> > things, you and your daughter have done exactly that. I am less
> > about physicians who opt out; part of the duty of a modern professional
> > keeping up with developments, and in cases like yours, his main role is
> > be a facilitator to help you use whatever tools are available to reach
> > own goals. Pumps are one of those tools, and it is no more fair for a
> > physician who is unsure or unconvinced to simply stick his head in the
> > than it was for me to ignore the evidence that good control would
protect me
> > from complications (particularly as for much of the time that I wasn't
> > testing, I was a medical student!!)
> Our paediatrician is the senior Dr in the children's hospital and I think
> has enough on his plate at the moment.  They can barely fit all his
> appointments in as it is.  The D nurse is not a paediatric specialist
> and she deals a lot with type 2 diabetes.  She still seems a lot better
> some I have heard of.  I dont know how funding is obtained for more
> for paediatric diabetes or for clinics that can oversee pumps.  Our clinic
> 76 child patients.
> As for saying that you didn't test much and that was when you were a
> student, is there anything that you can think of that would have made you
> more often.  Are there any words of wisdom that you can pass on to our
> children.  Anything that would have made it more likely that you would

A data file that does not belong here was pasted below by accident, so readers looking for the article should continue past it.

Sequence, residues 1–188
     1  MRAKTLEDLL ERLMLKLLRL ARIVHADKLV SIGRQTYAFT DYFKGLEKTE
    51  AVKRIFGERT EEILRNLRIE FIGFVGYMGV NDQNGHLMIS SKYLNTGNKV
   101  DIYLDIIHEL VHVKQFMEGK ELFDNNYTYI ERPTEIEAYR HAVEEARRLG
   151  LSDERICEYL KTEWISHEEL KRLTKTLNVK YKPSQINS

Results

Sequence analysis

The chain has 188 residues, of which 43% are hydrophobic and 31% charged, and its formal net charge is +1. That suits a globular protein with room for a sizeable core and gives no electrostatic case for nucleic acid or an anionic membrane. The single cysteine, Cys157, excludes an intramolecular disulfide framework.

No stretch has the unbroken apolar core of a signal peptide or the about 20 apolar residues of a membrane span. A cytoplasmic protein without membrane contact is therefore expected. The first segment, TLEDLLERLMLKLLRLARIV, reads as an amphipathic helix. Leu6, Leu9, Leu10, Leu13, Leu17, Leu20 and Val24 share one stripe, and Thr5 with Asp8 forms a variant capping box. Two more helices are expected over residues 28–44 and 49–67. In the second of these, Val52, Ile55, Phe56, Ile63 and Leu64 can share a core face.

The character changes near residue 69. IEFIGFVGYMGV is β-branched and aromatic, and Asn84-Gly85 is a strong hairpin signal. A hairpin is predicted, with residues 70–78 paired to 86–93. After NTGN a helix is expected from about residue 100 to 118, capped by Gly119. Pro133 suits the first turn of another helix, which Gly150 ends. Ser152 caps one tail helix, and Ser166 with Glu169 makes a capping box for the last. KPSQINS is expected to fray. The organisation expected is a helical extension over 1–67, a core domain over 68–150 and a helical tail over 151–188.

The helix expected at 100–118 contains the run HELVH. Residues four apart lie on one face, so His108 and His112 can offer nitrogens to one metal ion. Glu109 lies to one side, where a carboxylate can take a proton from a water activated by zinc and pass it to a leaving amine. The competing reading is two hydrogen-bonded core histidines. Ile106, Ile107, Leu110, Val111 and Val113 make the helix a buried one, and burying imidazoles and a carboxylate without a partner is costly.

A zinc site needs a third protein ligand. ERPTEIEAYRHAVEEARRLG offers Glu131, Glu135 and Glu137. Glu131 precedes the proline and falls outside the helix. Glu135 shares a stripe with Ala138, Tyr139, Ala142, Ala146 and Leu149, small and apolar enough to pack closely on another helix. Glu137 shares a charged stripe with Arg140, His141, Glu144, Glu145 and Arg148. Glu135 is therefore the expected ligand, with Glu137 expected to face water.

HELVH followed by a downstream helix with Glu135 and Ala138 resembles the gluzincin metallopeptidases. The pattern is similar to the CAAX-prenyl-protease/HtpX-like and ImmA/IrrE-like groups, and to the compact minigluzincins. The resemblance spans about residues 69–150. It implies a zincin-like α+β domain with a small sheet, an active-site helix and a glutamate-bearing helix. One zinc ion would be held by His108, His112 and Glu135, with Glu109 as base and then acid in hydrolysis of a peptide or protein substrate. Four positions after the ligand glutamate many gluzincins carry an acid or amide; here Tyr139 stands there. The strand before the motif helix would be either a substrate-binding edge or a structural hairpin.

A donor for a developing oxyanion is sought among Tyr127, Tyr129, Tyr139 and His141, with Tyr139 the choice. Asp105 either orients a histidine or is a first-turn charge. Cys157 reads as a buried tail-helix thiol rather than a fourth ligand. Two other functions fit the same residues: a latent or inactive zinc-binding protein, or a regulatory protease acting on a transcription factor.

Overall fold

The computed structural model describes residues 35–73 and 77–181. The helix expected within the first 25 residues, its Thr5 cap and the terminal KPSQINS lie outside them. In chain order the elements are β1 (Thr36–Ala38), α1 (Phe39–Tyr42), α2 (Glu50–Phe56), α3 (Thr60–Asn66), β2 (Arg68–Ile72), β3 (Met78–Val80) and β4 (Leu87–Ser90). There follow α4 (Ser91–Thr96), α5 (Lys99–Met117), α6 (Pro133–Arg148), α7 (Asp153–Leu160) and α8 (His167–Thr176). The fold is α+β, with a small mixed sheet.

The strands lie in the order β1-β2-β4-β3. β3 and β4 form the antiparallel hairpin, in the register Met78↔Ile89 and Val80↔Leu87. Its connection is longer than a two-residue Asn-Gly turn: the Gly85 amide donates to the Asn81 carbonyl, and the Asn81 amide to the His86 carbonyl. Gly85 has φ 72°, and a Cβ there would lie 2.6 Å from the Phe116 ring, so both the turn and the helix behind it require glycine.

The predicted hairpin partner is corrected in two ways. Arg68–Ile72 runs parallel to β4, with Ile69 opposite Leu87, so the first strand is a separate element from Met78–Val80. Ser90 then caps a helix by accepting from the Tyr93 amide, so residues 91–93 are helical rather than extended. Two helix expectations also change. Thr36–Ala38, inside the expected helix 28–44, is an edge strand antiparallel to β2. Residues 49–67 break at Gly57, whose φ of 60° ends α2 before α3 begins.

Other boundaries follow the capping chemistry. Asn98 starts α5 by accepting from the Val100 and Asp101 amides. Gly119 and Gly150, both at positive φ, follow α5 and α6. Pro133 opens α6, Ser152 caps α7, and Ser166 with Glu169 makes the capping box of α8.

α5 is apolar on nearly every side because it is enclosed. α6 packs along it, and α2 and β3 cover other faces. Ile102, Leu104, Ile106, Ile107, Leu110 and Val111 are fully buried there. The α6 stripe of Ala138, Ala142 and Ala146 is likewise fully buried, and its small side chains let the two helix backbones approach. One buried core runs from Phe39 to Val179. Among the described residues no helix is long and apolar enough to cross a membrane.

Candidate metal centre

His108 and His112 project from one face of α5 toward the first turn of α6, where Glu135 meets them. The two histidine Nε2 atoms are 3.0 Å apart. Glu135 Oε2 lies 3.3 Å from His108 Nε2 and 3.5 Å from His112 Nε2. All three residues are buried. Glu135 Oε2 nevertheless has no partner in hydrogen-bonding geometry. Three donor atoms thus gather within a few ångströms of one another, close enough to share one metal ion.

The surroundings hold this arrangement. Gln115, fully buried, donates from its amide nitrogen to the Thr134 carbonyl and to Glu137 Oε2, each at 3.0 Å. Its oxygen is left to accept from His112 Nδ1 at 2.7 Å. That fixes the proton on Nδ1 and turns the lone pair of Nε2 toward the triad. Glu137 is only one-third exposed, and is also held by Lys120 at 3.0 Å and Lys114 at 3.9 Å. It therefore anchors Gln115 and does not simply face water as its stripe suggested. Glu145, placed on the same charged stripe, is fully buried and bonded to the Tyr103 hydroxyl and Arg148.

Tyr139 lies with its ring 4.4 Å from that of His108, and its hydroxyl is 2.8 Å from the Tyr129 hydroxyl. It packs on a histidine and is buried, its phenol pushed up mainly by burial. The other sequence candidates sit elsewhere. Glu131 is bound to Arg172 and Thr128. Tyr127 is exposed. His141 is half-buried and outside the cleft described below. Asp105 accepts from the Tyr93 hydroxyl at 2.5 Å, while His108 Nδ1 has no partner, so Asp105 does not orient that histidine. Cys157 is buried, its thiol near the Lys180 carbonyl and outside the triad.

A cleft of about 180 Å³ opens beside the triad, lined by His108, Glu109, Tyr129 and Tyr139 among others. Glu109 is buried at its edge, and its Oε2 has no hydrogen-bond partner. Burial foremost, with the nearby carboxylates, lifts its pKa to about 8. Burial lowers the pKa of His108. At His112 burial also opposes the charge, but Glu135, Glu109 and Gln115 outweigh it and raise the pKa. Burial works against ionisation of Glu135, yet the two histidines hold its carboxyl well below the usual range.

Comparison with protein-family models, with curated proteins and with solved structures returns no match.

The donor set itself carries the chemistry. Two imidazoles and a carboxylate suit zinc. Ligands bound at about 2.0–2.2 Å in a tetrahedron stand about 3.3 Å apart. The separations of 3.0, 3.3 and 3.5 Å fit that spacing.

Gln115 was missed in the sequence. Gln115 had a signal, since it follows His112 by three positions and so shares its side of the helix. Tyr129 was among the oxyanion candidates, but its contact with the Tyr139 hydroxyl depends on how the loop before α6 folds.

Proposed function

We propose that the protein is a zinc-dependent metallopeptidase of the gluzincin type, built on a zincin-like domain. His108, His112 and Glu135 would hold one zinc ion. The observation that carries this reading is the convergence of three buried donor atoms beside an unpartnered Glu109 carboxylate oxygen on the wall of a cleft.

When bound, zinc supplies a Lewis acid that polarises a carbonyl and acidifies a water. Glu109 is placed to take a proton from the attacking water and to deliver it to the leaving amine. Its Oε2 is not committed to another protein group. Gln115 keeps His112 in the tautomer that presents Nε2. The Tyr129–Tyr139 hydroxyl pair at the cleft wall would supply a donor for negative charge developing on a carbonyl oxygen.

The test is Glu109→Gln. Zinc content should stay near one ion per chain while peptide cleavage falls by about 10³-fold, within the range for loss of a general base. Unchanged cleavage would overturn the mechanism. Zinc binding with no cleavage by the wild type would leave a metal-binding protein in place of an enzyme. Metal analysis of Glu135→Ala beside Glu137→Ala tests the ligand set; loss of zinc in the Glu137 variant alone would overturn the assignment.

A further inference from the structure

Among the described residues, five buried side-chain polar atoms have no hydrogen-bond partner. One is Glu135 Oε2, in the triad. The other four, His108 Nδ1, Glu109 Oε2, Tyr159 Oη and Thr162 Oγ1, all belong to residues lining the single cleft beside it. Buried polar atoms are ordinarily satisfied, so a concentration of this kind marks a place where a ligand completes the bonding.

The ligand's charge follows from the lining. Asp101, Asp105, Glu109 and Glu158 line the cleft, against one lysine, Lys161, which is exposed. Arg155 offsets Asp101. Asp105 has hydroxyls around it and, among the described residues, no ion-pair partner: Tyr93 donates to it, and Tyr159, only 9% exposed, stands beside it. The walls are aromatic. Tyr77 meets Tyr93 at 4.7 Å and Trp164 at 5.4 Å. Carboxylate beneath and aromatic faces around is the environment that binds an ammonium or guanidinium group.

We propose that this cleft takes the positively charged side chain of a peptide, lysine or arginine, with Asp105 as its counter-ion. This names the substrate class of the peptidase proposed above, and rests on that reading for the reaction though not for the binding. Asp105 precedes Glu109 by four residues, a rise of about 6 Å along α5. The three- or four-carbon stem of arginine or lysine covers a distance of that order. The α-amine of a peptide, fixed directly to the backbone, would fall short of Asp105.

> etc?
> > Essentially what I'm saying is the balance of power should be shifting.
> > you know better, say so. Don't put up with 'sorry but I don't know
> > about that' and don't let anyone, doctor or not, contradict your
> > in managing your own diabetes, or that of your child. I'm not talking
> > rebellion, I'm talking discussion, an exchange of viewpoints, and
> > an agreed position that upholds your view and that of the doctor in
> > measure. That is all it takes to turn a mundane and ineffective
> > doctor-patient interaction into a truly effective relationship. The
> > initiative has to come from us, because it is our side that sees the
> > imbalance that often exists at the moment. 9 times out of ten it will
> > because teams really do want things to go well.
> Our paediatrician hasn't been too bad with us but then I think I have
> many, many hours on the internet finding things out so that when I have
> for a change I usually have some idea what I am talking about.  My husband
> usually come along too.  Perhaps this makes a difference.  But I know that
> other parents find him too complacent about high numbers and sends them
> still worried.  One of the members of my support group who has got a 6
> old who has had D since he was 22 months old has been invited to join a
> team of people trying to improve the services given to Paediatric Diabetes
> when they are admitted to hospital and whilst visiting the clinic.  So